My Argon indicates that it has power and runs, but I removed power from the power pins

I went to flash the Argon and it wouldn’t respond. I saw it only had one led lit up and it was the CHG LED. I had never seen that one lit up. I felt the processor and it was hot to the touch. So I pulled the 5V from the USB pin(I was powering it that way). And for good measure, I turned off the power to my breadboard. I came back 15 minutes later and turned on my breadboard and the Argon came back on. I don’t have anything connected to the power pins still, why is it on(and responsive to commands), I asked myself. After not being able to find it visually or see any other possibilities online, I decided to see what you guys thought.

Is there a way to power it other than the 3V3, USB or Li+ pins?

What exactly do you have connected to the Argon? And on what pins?

ping @ScruffR @peekay123

3 buttons, 3 switchs, I2C LCD, (qty: 2) DS18B20, an analog pressure sensor and 4 leds

    //Pin D0 is used for the I2C connection for the LCD
    //Pin D1 is used for the I2C connection for the LCD
    DS18B20  ds18b20(D2, true);     //Pin D2 is used for the waterproof Water Temp sensor
    DS18B20  ds18b202(D3, true);    //Pin D3 is used for the waterproof Air Temp sensor.
    const byte MenuButtonPin = D4;  //Menu Button/Page Scroll Button
    const byte UpButtonPin = D5;    //Up Button
    const byte DownButtonPin = D6;  //Down Button
    int StatusLEDPin = D7;          //LED
    int AlarmLEDPin = D8;           //LED
    int PumpRelayPin = D9;          //Connected to LED for now.
    int LightsRelayPin = D10;       //Connected to LED for now.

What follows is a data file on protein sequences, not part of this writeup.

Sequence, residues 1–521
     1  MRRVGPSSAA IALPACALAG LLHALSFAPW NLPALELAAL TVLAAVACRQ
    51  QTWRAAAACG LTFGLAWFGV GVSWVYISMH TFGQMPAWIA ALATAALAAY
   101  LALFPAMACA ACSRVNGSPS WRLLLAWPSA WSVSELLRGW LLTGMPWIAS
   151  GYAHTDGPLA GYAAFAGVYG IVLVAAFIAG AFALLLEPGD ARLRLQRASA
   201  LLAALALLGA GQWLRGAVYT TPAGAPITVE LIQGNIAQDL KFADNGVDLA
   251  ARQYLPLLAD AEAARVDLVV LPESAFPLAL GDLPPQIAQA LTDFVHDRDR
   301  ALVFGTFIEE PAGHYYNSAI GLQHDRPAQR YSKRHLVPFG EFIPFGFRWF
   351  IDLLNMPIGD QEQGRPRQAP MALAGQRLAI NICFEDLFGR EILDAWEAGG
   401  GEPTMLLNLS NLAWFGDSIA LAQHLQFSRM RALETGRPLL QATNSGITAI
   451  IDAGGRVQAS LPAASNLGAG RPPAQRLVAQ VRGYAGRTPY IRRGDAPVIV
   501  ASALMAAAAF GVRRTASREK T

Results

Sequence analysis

const byte PumpAutoPin = D11;   //Auto/Not Auto Switch
    const byte PumpManualPin = D12; //Manual/Not Manual Switch
    const byte LightsAutoPin = D13; //Auto/ Not Auto Switch

Pressure sensor is connected to A0.

I hope this helps.

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From somewhere you must be feeding voltage.
You still have the GND pin connected and it’s quite possible that one of your GPIO connections feeds back into the power rail (e.g. via internal pull-ups) - which is a bad idea and may have caused some damage to the device already (hence the heat produced).

Also check for any shorts in your breadboard.


I think I found the problem. The switches I was using on my prototyping board are TTL(Transistor-Transistor Logic) switches and run on 5V at the VCC. I did know those switches were connected like that. I’m not sure how much voltage I applied to the input pins, but I predict that is the problem. When I get back home I am rewiring that whole thing. I am prototyping at this point, so I may as well prototype a little more accurately what I will be building.

It is still interesting to me that the Argon powered up when there was no power to the power pins. Is it in anyone’s experience that 5V on a digital pin will power it up somehow?

Since the GPIOs on an Argon (Xenon, Boron too) are not 5V tolerant applying 5V to them may well cause the otherwise blocking (virtual) pull-up to blow through to the positive power rail and hence backfeed which wouldn’t be the case with a non-defective GPIO.
Once the positive power rail is “hot” and you also have a GND connected it’s not surprising that the core gets powered too.
You can measure the voltage on 3v3 and see if that rail is “hot”.


Thanks a lot!
First time posting to this community. It was a great experience.

Edit: I forgot I posted on here before about a drawing:
Second time posting to this community. It was a great experience.